I always find something disturbing in collage technique



As an art form, collage is a powerful tool. It combines new artistic elements with elements that are already there: photographs, newspaper cuttings, cultural markers.

“I always find something disturbing in collage technique”, says Beata Śliwińska. The Polish visual artist, who goes by the name of Barrakuz, creates collage that can have just this kind of edge.



A poster with a circularly cut out Renaissance portrait painting reveals a graphic leopard climbing out, titled ‘Times New Romantic’. In another work, a cityscape is torn apart by floating hands, the symbolism of the city blends with fantasy. “It’s mix of deformation, deconstruction, using copies of the same elements and putting them into one piece”, explains Beata about her aesthetic signature. “I always use really smooth cut-lines, so more than half my art is full of dynamism, always floating.” Her style can be viewed as taking collage – a 2 dimensional art form – and adding 3D elements to it.

Though trained as an architect, Beata soon found, after graduation, that her artistic vision began to develop. She started her practice in 2012 and designed her first piece of commercial digital collage art, a record cover, about 3 years ago. What she’s continued to do is experiment with the digital aspect of it all. “Collage-style illustration or visuals are unpredictable - you never know what the final look will be”, she exclaims. “That’s is so exciting!”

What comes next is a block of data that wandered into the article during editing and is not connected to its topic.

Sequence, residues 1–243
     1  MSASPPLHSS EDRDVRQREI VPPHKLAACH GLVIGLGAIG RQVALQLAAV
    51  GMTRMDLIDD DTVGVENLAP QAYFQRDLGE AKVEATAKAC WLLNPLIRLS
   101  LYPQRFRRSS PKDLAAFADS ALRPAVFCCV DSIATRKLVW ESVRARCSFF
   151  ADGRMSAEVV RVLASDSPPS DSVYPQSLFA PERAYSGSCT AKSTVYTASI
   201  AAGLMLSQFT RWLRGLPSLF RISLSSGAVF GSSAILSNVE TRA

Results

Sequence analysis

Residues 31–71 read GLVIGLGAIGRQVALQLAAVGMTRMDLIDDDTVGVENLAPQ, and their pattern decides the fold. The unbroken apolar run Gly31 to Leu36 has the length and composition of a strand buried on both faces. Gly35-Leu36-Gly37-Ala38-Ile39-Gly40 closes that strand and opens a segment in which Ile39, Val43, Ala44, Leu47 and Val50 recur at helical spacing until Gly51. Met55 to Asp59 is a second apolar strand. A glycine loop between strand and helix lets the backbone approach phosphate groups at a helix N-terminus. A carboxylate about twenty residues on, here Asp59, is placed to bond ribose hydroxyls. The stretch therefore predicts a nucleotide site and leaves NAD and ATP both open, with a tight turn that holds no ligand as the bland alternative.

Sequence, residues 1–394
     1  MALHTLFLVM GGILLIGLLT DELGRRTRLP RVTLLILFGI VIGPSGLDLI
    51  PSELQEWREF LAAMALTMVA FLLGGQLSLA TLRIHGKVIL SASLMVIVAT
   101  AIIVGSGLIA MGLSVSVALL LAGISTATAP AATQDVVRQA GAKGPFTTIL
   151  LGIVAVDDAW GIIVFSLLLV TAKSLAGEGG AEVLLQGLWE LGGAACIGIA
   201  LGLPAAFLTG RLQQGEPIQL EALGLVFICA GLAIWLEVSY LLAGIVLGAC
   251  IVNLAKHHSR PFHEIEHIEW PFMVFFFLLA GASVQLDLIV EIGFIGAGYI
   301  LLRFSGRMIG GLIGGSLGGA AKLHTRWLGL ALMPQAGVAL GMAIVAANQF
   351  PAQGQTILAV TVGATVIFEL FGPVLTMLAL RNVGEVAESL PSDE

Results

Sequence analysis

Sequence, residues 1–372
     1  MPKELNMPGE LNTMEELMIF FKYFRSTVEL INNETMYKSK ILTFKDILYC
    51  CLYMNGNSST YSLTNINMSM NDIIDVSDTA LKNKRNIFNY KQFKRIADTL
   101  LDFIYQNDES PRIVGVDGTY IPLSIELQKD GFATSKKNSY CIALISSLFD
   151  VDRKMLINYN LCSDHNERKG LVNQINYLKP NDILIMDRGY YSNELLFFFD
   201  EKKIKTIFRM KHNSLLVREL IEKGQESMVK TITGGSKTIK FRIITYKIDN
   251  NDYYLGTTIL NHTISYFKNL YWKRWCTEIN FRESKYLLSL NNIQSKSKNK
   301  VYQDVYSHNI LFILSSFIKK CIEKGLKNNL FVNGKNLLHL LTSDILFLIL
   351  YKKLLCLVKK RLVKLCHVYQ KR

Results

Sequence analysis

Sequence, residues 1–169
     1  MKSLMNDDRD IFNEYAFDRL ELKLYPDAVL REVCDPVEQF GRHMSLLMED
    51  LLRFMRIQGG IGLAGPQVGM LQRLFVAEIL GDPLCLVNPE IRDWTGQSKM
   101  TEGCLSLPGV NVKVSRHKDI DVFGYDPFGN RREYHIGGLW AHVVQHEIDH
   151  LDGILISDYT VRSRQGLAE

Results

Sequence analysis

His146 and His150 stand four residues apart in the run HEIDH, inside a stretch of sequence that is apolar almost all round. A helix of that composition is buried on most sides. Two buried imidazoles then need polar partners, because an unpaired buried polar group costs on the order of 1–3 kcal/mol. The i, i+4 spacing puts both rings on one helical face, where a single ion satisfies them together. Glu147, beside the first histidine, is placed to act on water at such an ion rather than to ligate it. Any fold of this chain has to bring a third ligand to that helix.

Typically, collage is a fast-paced art form – even when it was Picasso or Braque trying it out in the beginning of the 20th century. For Beata, it’s no different, mostly. “It is fast work with lots of fast effects”, she says. But she does take her time to immerse herself in the subject, a process she calls: “hunting”. But, “it really depends of type of work. There are projects, which I design really quickly, because I have an idea, and the collage technique gives me the chance to make it quickly.” Some projects can take longer but she finds that “often that kind of art is more effective and spectacular than the long-term projects.” And yet, she’s adamant: “the most important thing is the idea. Not the time spent on it.”

For Komono, Beata elected to work completely digitally and to incorporate her signature elements. “I tried to put lots of things in it, like dynamism, surrealism, cut forms, and wild animals, which you can also find in other pieces of mine.”


The Komono work is multi-faceted and full of new things to see. The shape of the watch – often found in surrealist art by, for example, Dalì – was something she found “a really good one to put into a collage.” She continues: “There are a lots of layers and attributes as saturation and hue, shadows, masks added. I always love it when the art you are looking at forces you to think and surprises.”